The debate will be organized ad hoc, purportedly through cooperating news media.

        I hope the second debate is subject to Trump’s good behavior at the first debate. He shouldn’t get a do over. If he screws up in June, as seems probable, then he should have no opportunity to do it again in September.

        • harpie says:

          The problems you’ve mentioned were some of those the Biden Campaign detailed to the previous debate organizers as to why he would not participate in more of their debates this year.

      • earlofhuntingdon says:

        Not Democrats, I should think. Why did Joe Biden propose two debates with a guy who screams, but doesn’t debate or play by the rules that define a debate?

        • xyxyxyxy says:

          I can picture Trump calling on his supporters to kill Biden every time he opens his mouth in the debate. He’ll hold up pictures of himself holding a bat to Biden’s, Schiff’s, Raskin’s, etc. heads, like the one he had with Bragg.

  19. harpie says:

    In SLOVKIA: The prime minister was shot multiple times while visiting supporters, his Facebook page said. Slovakia’s populist prime minister, Robert Fico, was shot and seriously wounded on Wednesday in what the government called an assassination attempt. […] https://www.nytimes.com/live/2024/05/15/world/slovakia-prime-minister-fico-shooting/slovakia-prime-minister-fico

    […] Mr. Fico has aligned with the Hungarian prime minister, Viktor Orban, in opposing aid to Ukraine and challenging mainstream opinions within the European Union.

    On Wednesday, Mr. Orban was quick to send good wishes to Mr. Fico, whom he called “my friend.” […]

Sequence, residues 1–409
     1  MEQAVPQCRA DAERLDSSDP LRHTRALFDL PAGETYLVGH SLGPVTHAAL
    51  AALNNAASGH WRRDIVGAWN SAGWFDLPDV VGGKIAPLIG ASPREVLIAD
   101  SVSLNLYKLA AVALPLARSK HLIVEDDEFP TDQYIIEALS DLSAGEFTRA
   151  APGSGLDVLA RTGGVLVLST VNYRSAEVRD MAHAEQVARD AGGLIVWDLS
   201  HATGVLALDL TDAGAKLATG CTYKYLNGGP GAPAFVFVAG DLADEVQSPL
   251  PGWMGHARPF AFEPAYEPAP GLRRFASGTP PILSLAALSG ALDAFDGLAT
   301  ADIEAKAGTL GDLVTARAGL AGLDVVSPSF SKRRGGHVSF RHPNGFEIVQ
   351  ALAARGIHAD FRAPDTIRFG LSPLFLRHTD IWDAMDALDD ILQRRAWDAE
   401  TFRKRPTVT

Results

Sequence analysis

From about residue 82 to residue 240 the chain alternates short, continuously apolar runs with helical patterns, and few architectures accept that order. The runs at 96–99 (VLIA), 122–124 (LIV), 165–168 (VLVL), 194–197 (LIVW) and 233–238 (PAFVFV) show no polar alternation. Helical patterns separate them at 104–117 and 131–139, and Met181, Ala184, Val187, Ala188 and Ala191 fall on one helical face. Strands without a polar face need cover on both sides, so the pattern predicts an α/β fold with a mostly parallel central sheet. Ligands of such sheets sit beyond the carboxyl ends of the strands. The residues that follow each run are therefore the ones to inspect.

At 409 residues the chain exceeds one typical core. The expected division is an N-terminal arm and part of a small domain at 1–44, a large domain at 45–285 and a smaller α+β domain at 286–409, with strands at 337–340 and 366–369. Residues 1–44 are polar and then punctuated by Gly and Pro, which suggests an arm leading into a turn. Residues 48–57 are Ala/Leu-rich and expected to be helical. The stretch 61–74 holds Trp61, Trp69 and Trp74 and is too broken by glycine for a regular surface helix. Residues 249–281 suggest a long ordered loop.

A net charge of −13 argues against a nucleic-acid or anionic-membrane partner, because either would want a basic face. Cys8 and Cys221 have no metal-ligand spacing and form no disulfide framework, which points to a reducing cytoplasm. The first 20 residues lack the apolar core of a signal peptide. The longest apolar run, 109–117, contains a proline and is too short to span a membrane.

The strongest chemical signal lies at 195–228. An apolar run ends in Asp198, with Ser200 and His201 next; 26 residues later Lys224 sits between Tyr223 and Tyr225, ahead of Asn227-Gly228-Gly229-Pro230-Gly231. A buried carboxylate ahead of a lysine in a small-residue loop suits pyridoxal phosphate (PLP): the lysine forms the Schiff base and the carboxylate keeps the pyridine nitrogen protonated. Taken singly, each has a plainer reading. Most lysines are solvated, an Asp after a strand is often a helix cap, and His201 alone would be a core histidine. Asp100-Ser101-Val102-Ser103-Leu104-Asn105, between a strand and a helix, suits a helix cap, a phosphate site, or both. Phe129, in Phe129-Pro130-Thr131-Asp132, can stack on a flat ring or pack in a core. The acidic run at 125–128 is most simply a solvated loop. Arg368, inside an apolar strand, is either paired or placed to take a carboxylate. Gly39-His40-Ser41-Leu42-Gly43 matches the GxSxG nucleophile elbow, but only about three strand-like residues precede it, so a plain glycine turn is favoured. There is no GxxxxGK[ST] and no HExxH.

Mr. Fico, who ended an earlier stint as prime minister by resigning in 2018 amid a swirl of corruption accusations, has also followed Mr. Orban in trying to erode the independence of his country’s judiciary and in casting supporters of Ukraine as disloyal lackeys of the United States.

    Mr. Fico returned to power after a general election in September, reviving a political career that many had considered over when he quit amid large street protests after the killing of an investigative journalist who had been looking into government graft. […]

    • harpie says:

      Caught my eye in another update:

      Fico was airlifted to the F.D. Roosevelt Hospital in Banska Bystrica, a city near Handlova, according to Slovak officials.

      • earlofhuntingdon says:

        He sounds more Orban than Merkel. He started a leftist party, but is staunchly pro-Putin. Must be an avid reader of nakedcapitalism.

        • harpie says:

          That’s a really good summary article.

          […] Also in April, Peter Pellegrini, a Ukraine-sceptic and close ally of Fico, won a run-off vote in presidential elections against the liberal, pro-western opposition candidate, Ivan Korčok.

          Pellegrini is due to succeed Zuzana Čaputová, the country’s first female head of state. Čaputová, a staunch backer of neighbouring Ukraine in its fight against Russia’s invasion, announced she would not run for re-election last June after receiving death threats.

          This assassination attempt feels like a very big deal,